The Aisle Seat - Movie Reviews by Mike McGranaghan
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THE AISLE SEAT - by Mike McGranaghan


The Trump Prophecy

The Trump Prophecy is a movie that wants to be two different things simultaneously. The first eighty minutes are a narrative, while the final twenty-five are a documentary. Presumably, the idea was that the second section would compliment the first. In a way, it does, but the approach also ends up short-changing both. The film is based on a true story that will elicit different reactions in different people. Whatever your feelings about Donald Trump, the opportunity to delve into what makes his supporters so passionate falls victim to the shifting approach, as well as a steadfast avoidance of more complex issues associated with his election victory.

At first, this appears to be a standard faith-based film. Chris Nelson gives a sympathetic performance as Mark Taylor, a firefighter dealing with Post-Traumatic Stress Disorder. His night terrors have become so severe that he decides to quit the department. His loving wife Mary Jo (Karen Boles) encourages him to develop his relationship with God as a means of finding his way through the trauma. Mark follows that advice.

Then the story takes a twist. After months of seeing demons in his sleep, he suddenly sees an image of God -- and the Lord tells him that He has chosen Donald Trump to become president. This is in 2011. Four years later, Trump announces his candidacy. Mark confides his prophecy to a doctor, Don Colbert (Don Brooks), who in turn asks his wife Mary (Paulette Todd) to read his patient's writing on the subject. Deeply moved, Mary organizes a prayer chain to benefit Trump. Everyone then sits raptly in front of their televisions as they wait to see who will win on the night of Nov. 9.

In order for The Trump Prophecy to work, we need to believe God really has spoken to Mark. Even if we don't believe it happened in real life, we need to believe it within the context of the film. That doesn't happen. We're already told he has PTSD and, in one scene, he expresses a refusal to take medication to treat the symptoms of the condition, so the movie unintentionally suggests that his vision is little more than a trauma-inspired dream.

The notion that Trump is a divinely anointed leader has been around for a while. The film sidesteps some reasonable points that many non-Trump-supporting Christians have made. For instance, if God really wanted to dictate our president, why would He choose Trump -- a man with a known history of morally-questionable behavior -- and not someone who is the embodiment of Christian ideals? Why anoint someone who inspires love-him-or-loathe-him reactions, instead of someone who unites? Viewers who are diehard Trump supporters will not care about these things. Those with even a shred of emotional distance from the man are likely to find the movie's refusal to acknowledge them frustrating.

The Trump Prophecy never makes it clear why Mary and others believe Mark's prophecy. He basically says "God told me this" and suddenly people are true believers. None of them question why God would choose Mark -- a small-town fireman -- to reveal this to. No one expresses any doubt whatsoever about his claim. From a dramatic standpoint, that's a considerable omission, as it leaves a gaping hole in the center of the picture. If we don't understand why others are convinced, we're not convinced either.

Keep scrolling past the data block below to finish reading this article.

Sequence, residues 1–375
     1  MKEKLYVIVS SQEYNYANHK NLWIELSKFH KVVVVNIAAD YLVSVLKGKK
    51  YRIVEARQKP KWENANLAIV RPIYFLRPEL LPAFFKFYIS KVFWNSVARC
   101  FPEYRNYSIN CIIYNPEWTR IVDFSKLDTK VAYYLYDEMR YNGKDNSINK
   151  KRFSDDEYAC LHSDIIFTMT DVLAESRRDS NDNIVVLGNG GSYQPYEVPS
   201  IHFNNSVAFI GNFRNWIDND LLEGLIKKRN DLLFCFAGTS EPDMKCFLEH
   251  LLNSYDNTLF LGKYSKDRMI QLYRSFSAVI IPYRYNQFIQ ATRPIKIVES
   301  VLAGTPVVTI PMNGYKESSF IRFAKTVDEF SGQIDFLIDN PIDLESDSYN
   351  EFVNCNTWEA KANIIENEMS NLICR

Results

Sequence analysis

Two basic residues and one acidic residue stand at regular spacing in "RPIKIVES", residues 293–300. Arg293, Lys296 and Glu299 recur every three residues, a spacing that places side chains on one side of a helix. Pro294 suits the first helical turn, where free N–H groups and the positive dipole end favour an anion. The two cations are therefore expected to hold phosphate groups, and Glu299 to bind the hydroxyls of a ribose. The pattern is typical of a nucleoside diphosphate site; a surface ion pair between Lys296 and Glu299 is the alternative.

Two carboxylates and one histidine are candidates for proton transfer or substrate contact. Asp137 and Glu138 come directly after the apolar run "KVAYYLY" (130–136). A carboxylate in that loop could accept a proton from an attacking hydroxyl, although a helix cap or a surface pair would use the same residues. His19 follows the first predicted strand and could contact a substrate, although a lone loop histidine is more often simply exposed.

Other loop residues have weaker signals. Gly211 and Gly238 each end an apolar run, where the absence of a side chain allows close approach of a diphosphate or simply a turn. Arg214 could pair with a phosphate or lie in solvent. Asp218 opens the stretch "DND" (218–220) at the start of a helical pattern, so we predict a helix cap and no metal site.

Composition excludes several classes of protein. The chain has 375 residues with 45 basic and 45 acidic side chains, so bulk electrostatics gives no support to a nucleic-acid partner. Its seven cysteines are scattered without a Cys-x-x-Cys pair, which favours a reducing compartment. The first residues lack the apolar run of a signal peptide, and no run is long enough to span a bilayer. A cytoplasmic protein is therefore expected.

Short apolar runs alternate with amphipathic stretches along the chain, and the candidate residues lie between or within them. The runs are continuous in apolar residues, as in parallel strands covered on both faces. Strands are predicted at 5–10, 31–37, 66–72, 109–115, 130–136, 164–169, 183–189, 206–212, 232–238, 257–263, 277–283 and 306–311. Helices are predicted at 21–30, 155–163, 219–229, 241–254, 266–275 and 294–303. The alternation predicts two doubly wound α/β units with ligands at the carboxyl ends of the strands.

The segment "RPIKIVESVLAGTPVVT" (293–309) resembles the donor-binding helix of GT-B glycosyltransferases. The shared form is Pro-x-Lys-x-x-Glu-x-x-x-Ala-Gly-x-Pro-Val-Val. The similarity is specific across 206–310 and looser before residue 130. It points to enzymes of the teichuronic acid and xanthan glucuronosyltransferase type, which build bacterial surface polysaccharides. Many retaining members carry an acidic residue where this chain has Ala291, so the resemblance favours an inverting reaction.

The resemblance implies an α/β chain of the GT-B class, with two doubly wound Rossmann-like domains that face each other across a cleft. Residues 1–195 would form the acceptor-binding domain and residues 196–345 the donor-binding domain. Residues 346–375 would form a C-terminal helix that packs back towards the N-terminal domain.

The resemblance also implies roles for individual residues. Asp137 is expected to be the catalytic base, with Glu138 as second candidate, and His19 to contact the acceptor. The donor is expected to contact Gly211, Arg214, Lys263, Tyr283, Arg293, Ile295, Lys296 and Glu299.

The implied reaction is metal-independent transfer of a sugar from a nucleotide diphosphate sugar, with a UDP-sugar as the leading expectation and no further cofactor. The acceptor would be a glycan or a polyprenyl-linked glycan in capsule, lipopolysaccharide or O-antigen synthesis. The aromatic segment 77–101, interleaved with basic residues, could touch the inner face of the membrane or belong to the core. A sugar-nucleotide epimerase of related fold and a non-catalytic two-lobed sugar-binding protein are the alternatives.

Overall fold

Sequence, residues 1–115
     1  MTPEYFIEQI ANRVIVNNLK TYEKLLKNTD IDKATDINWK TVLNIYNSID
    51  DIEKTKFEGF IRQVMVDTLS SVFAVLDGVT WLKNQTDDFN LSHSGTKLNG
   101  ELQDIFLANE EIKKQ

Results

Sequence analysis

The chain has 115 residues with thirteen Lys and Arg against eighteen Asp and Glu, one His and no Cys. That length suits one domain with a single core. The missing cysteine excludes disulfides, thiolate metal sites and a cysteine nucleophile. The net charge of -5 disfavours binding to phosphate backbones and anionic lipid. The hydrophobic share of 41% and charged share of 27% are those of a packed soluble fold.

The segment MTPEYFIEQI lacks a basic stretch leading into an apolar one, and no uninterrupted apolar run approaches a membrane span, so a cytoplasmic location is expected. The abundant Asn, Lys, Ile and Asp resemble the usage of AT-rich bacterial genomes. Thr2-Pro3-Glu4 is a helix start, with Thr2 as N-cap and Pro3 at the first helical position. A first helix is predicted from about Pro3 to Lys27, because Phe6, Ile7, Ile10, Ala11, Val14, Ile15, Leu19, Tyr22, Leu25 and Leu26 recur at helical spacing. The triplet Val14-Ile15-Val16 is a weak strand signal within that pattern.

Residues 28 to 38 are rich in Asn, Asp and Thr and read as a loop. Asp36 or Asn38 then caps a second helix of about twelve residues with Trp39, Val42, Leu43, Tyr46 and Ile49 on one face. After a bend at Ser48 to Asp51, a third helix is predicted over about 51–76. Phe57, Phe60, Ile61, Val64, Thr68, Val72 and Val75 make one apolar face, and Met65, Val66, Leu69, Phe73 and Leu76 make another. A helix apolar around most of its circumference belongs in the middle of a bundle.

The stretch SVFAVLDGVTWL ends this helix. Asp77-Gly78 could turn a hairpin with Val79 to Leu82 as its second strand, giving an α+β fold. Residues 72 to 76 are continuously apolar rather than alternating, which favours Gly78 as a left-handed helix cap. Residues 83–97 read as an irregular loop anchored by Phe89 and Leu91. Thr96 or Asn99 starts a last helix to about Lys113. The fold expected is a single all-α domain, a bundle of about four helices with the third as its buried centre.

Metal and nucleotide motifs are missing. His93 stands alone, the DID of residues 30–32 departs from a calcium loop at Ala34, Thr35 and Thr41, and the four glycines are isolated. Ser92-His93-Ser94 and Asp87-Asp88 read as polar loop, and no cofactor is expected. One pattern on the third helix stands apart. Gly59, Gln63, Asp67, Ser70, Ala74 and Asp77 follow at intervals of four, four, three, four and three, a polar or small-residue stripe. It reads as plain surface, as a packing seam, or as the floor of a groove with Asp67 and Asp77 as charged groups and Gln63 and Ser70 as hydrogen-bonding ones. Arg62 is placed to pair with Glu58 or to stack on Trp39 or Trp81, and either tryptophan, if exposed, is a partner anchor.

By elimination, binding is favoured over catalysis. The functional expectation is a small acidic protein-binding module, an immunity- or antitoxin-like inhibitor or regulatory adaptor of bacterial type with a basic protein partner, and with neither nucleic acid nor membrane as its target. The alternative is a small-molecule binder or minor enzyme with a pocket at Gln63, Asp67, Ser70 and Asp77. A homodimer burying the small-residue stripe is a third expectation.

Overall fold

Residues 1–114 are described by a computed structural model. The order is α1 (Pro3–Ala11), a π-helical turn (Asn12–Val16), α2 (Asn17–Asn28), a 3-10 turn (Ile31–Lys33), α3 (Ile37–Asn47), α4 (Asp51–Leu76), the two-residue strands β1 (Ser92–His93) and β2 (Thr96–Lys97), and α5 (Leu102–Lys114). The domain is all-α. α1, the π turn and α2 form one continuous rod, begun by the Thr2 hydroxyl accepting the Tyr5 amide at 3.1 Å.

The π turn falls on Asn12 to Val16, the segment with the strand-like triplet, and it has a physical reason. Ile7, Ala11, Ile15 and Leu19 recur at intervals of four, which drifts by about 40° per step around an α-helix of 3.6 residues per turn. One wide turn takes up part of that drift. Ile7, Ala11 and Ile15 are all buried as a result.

The story part of The Trump Prophecy ends with the election night victory. Then the documentary section kicks in. It starts with a five-minute patriotic music video, complete with American flags flying in slow-motion and pictures of veterans. From there, we get twenty minutes of talking-head interviews. The subjects -- most notably former US Representative Michelle Bachmann -- expound on their shared belief that political policy should be shaped by religious doctrine. Specifically, they praise Trump's decision to move the United States embassy from Tel Aviv to Jerusalem. Agree with them or not, the interview subjects are all erudite and interesting to listen to, but the transition is jarring, particularly since the time would have been better used to develop the story's characters and themes more fully.

There are a couple of positives to the film. The message that Christian Americans should pray for the well-being of our country and its citizens is certainly a respectable one. The Trump Prophecy also has very good production values, considering its low budget. More than fifty students from Liberty University's cinematic arts department worked on the movie in various ways, gaining experience it would take them years to acquire in a traditional Hollywood setting. The movie looks professional, with some good special effects showing the demons Mark sees in his sleep and a skillfully-staged fire rescue during the opening minutes.

In the end, it's difficult to say what we're supposed to take away from The Trump Prophecy because it asks us to accept everything at face value, rather than forcing us to probe its provocative premise. If the movie was designed to convince non-believers that Trump really is God's selection, the paper-thin storytelling won't do the trick.

Regardless of your opinion of the man, Donald Trump has inspired fierce, unwavering loyalty from a sizable percentage of people in the country. There's a fascinating film to be made about that phenomenon. This one had a chance to examine the intersection of Evangelicalism and Trumpism, but lets it slip away.

The Trump Prophecy is unrated, but contains some mildly disturbing images and mature subject matter. The running time is 1 hour and 51 minutes.

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